Though the fig tree should not blossom,
nor fruit be on the vines,
the produce of the olive fail
and the fields yield no food,
the flock be cut off from the fold
and there be no herd in the stalls,
yet I will rejoice in the LORD;
I will take joy in the God of my salvation.
GOD, the Lord, is my strength;
he makes my feet like the deer's;
he makes me tread on my high places.
To the choirmaster: with stringed instruments.
(Habakkuk 3:17-19 ESV, emphasis mine)
There are few better examples of faith in all of Scripture. Though his eyes do not see victory Habakkuk is going to keep hanging on. And I don’t think this should necessarily be interpreted through our 21st century-everything-is-gonna-work-out-in-this-life lenses either. I think the redemption that Habakkuk is looking for is one that he will not see fully in his own lifetime. Just like us real redemption will be found another day.
In reading through this passage earlier today I noticed something about the text that I have never noticed before. I have not found any commentaries or any other places that have really commented on this and so I’m a tad fearful of throwing out something new fangled that is nothing close to Habakkuk’s meaning. Yet, I will venture on because even if it was clearly shown that this cannot be proven from this verse I believe it’s sound theologically.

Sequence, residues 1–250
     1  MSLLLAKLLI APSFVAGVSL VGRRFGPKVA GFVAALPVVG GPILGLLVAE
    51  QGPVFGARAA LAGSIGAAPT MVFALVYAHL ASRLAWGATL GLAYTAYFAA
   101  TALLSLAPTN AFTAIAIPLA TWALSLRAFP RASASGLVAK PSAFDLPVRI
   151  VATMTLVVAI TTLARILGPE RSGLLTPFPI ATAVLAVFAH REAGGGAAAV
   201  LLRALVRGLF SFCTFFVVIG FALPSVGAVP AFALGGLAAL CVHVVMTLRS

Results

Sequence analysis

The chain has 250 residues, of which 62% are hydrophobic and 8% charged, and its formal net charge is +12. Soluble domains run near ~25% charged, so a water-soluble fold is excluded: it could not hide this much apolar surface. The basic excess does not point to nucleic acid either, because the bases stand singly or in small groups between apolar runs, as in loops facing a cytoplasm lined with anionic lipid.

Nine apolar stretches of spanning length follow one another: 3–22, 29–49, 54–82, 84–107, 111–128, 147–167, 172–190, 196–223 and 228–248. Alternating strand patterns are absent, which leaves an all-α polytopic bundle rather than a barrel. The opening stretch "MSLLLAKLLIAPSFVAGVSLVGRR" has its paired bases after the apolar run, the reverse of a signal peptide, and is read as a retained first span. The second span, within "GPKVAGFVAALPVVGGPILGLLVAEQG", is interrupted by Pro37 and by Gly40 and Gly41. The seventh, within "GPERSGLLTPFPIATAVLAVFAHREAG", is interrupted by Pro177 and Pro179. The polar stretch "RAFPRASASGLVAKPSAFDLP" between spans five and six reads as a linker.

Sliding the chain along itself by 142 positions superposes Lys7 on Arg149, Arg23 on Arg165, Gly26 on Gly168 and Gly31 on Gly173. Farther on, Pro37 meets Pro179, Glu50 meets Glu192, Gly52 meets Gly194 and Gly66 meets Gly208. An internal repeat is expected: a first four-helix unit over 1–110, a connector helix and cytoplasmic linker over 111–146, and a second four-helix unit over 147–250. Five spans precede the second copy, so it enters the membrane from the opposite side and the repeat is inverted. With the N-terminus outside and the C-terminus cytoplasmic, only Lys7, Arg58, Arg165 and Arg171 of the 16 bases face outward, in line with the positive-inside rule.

Notice in the bold section that Habakkuk says he makes me tread on “my” high places. The use of the possessive there is what caught my attention. Habakkuk did not simply say “high places” but my high places. Habakkuk’s high places may be different than my high places. For some merely lifting your head in the morning and being able to go the grocery store is a great victory and “treading on my high places”. For others their “high place” is far more lofty.
This reminds me of some very wise words by Jared Wilson in his book Gospel Wakefulness:
No two people feel the same way. Some of us are more emotive than others; some are naturally more reserved; some are naturally more excitable…What gospel wakefulness presupposes is that wherever a person tops out emotionally, they do so at the gospel…what should move you most is the reality that Christ died and rose for you. (147-48)
Habakkuk isn’t called to tread on my high places. Gospel-infused faith causes him to tread on his high places not necessarily mine.
We have to minister to people where they are and not necessarily where they ought to be. For some people growth in grace might mean working up enough nerve to make a phone call to order a pizza. For others such a task is nothing close to a definition of treading on high places. Both ought to be celebrated as blood-bought faith!